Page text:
It’s hard to pinpoint exactly where
director Abdellah Taia’s Salvation Army
goes wrong, mostly because it had so much going for it to begin with. Based on
Taia’s own successful autobiographical novel of the same name, the film
attempts to tell a story not often seen on screen, that of a young gay man
growing up in Morocco, trying to reconcile his own desires with his obligations
to his family.
Actor Said Mrini plays the young
Abdellah, a boy of 15 who lives in a small house where he seems to fade into
the background in a household dominated by several sisters and the constant
tensions between his overbearing mother and surly father. There’s also his
older brother Slimane (Amine Ennaji), who he simultaneously admires and
desires, despite himself. We watch him navigate the stresses at home and,
outside the house, grapple with his sexuality as he carries on several
physical relationships with older men in the neighborhood.
In many ways, the film’s subject
matter is refreshing. Again, it’s always important to see stories about people
in the LGBT community from a distinctly non-Western point-of-view. Mrini handles several sex scenes with a
bravery and maturity that’s impressive for someone so young. And it’s surely a
beautiful film to look at – Agnes Godard’s cinematography turns the mundanities
of Abdellah’s Casablanca neighborhood into a muted kind of poetry.
And yet there isn’t much to say
about the film beyond that. It’s unfortunate, because from its first moments Salvation
Army is a movie overflowing with promise and possibility. But for such a
distinct and uncommon tale, it does little in the way of really engaging the
viewer. The problem is that the characters aren’t really engaged, especially
the character we’re supposed to be the most invested in.
Things happen to Abdellah – there
is vignette after vignette of things happening to him, but at no point do we
ever get a real inkling about how he feels about these things. This seems to be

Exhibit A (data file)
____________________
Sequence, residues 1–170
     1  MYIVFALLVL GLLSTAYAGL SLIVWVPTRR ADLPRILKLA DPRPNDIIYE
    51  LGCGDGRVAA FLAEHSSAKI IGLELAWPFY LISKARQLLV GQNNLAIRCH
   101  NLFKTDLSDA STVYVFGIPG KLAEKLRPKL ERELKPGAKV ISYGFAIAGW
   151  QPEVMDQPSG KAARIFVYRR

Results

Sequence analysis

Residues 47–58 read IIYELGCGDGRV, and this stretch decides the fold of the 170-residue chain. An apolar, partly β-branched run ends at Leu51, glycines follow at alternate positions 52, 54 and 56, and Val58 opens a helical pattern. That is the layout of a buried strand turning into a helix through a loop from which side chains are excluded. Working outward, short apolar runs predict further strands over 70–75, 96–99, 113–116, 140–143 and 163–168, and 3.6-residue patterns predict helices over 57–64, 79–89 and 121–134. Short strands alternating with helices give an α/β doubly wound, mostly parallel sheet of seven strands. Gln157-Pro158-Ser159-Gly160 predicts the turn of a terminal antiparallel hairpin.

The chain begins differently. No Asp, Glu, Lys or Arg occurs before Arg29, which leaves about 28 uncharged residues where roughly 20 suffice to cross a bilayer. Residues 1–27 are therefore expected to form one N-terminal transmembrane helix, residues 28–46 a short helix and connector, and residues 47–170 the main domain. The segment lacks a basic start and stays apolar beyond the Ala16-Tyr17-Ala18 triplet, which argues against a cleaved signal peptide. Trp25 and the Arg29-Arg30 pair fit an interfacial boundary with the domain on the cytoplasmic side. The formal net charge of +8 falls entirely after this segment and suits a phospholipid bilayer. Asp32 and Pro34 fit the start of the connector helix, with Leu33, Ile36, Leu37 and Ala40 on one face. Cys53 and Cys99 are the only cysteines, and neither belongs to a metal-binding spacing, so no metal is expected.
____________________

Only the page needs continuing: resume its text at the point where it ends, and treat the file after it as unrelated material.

no fault of Mrini, who does what he can with very little dialogue and seemingly
even less direction. There’s a distance created by Taia’s adaptation of his own
work, which gives little insight into Abdellah’s inner world, his motivations,
and ultimately leaves the viewer feeling a little cold.
The film has a very disjointed
plot, and sometimes disjointed, vague plots can be rather effective. But the
real issue is how Taia dangles important, interesting themes in front of the
audience, then snatches them away. We see the teenaged Abdellah dispassionately
have sex with much older men throughout the film – but the dynamics and
implications of these relationships, how they may be connected to his sexual
desire for his brother, how they affect him, are never fully explored.
And after a very long set up of his
teenhood that ultimately leads to nowhere, the movie awkwardly jumps not once
but twice into the future, presenting an older version of Abdellah (Karim Ait
M’Hand) while miraculously revealing even less of who he is. After a while, the
mystery of it all becomes a little tiresome. The film ends with a pretty but
predictably, frustratingly vague final scene. It isn’t offensive, just
disappointing. What’s left is the question of what could have been.
Zeba Blay is a Ghanaian-born film and culture writer based in New York. She is a contributor to Huffington Post, Africa Style Daily, and Slant Magazine. She co-hosts the weekly podcast Two Brown Girls, and runs a personal movie blog, Film Memory. Follow her on Twitter @zblay.